• 3MIX FORUM
      2019-08-05 16:22
      60

      SIAM- I- AM (with apologies to Dr. Seuss)
      Ro Shroff

      Let’s cut to the chase. ICONSIAM, the 750,000sm, $1.7 billion Retail and Luxury Residential development on the Chao Phraya River in Bangkok that opened nine months ago, is by far, the best Retail and Leisure destination in the world today. Nothing in Vegas, Singapore or Dubai comes close to it. Keeping superlatives aside, this project exudes luxury, elegance, style, and history in a highly sophisticated way. More on that a little later.

      Earlier this year I had the opportunity to visit Bangkok for a couple of days when it was still relatively less humid. As designers of commercial projects of all ilk, we are always looking for newer developments all over the world and evaluate what works and what doesn’t. While the quintessential two-story American version of the Shopping Center is essentially dead, the vertical Mall, or as euphemistically often referred to as Retail and Leisure Destinations in architectural jargon, is alive and kicking in Asia (and maybe even New York), where eight to ten story structures chock-full of fashion, fun and food are the norm. Get used to this idea, as there is more of this typology in the works all over Asia. ICONSIAM reinforces this model by seamlessly assimilating luxury brands, mid-market fashion, Thailand’s first Apple Store, a Takashimaya, a plethora of restaurants, cafes and bistros (over a 100 total), a 3,000 seat Auditorium and Exhibit Hall, a 14 screen state of the art Cineplex, a three-level grand Fitness Center and Spa, with Sook Siam, a Floating Market reinterpreted for an indoor environment as well as a Heritage Museum with permanent and temporary exhibits into an holistic eight-level structure cascading towards the riverfront and flanked by two luxury residential towers, The Magnolia Waterfront Residences (315m) and The Residences at Mandarin Oriental (270m). And a lushly landscaped River Park with landings for boats and the water taxi completes the waterfront setting.

      Accessibility is still problematic but serendipitously mostly by water taxi for now, till the Skytrain station is completed next year. There is something for everyone here, for the nouveau riche Indian, Chinese and Saudi women spending mega bucks at the LVs, Pradas, and Fendis, to the millennials foraging the grand Zaras and H and M's, to the tech-savvy Apple faithful, to those with culinary aspirations, and the starry-eyed tourists and locals meandering through the cheesy but elegantly designed "Floating Market / Souk" offering street food and Thai delicacies, handicrafts, accessories, and dance performances …… a grand destination for every market segment without anyone intimidating the other.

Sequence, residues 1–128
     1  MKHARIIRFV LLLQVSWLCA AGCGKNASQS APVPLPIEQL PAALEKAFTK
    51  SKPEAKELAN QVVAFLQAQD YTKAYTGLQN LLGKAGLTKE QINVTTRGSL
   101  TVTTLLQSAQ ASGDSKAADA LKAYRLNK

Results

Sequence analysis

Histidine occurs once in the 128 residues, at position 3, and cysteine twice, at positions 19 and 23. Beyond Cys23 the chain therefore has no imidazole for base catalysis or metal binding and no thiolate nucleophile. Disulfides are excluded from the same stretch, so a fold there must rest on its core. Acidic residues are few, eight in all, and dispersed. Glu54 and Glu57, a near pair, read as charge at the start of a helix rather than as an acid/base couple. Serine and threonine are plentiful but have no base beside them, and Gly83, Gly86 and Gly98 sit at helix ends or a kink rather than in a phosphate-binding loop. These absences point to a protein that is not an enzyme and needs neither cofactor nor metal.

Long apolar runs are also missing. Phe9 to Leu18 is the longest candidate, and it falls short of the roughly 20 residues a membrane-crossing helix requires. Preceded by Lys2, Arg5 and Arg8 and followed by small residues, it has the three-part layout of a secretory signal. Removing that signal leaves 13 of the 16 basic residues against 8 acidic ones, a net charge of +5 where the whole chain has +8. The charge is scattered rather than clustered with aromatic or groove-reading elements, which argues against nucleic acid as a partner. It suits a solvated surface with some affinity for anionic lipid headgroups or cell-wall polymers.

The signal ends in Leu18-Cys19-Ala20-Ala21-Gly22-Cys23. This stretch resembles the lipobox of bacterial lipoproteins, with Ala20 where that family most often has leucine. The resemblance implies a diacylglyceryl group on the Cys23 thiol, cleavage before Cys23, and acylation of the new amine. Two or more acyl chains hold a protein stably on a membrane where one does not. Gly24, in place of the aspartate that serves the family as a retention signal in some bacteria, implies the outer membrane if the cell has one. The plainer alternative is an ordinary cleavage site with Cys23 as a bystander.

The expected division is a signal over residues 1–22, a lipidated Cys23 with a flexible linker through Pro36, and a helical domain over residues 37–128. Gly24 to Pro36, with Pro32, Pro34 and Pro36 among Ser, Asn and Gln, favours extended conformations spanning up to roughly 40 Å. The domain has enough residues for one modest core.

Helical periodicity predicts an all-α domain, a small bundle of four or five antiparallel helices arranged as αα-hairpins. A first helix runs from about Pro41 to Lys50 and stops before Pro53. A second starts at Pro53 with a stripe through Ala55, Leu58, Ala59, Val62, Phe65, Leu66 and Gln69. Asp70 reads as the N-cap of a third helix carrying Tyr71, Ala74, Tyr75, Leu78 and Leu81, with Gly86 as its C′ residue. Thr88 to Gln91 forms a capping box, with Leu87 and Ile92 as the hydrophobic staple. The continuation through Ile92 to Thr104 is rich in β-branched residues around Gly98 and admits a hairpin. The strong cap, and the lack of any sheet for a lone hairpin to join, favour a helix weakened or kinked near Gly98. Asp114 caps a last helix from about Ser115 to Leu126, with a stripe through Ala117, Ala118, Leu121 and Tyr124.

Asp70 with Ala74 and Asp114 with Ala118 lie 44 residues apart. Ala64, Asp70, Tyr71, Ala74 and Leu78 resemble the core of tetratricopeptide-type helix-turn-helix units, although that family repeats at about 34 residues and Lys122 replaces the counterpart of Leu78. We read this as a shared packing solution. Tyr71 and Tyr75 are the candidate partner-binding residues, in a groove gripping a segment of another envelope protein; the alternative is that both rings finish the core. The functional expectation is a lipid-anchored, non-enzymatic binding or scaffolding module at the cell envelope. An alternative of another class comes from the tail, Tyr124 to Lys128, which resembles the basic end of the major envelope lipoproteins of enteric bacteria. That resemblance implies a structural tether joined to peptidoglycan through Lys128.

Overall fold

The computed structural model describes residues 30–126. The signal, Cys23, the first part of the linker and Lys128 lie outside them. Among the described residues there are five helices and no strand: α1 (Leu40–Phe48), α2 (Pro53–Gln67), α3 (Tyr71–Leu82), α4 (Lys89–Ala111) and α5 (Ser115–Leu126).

Arrival is best by the water taxi, after sunset, as the exquisitely lit vertical glassy façade takes your breath away, exuding transparency and signature identities of the luxury brands. There is the ubiquitous Bellagio and Dubai Lake type synchronized fountain show welcoming and entertaining the visitors or those departing the center

      Architecturally we have all seen better stuff, but the project does respond to its waterfront setting gracefully, cascading down to the third level deck outside the Foster-designed Apple Store with trees as partitions. The piece de resistance is the 24m high 300m long saw-toothed glass façade, an impressive engineering feat affording complete transparency, with panels fabricated in Germany and brought to the site on river barges. The signature icon at the summit of the glass facade seems to be a metaphoric Thai welcome gesture “Sawadee ka” presumably gilded in gold leaf. The architectural design is credited to Bangkok based Urban Architects Co. Ltd but regrettably, their website is of not much help and the project is not even mentioned. The Interior Design is credited to Benoy as the lead firm coordinating other specialized disciplines but it’s unclear whether the firm was involved till the end. But whoever designed the interiors, there seems to be a cohesive approach of careful detail, aggressive use of muted colors and textures including gold leaf, burnished stainless steel and fritted glass and the conception of several voluminous spaces. The sixth level food zone, Alangkarn, is appointed by 24 restaurants opening to Tassana Nakhon, the riverfront dining terrace. A vertical garden and a 20m high columnar waterfall compete favorably with the just-opened The Jewel at Singapore's Changi Airport. And a key aspect of the design is the phenomenal lighting design, both for the exuberant exterior and sparkling but non-intrusive interiors.

      The Residential Towers are imposing in height but mostly non-descript architecturally and targeted for the uber-rich, with two-bedroom apartments selling for $2.5 million.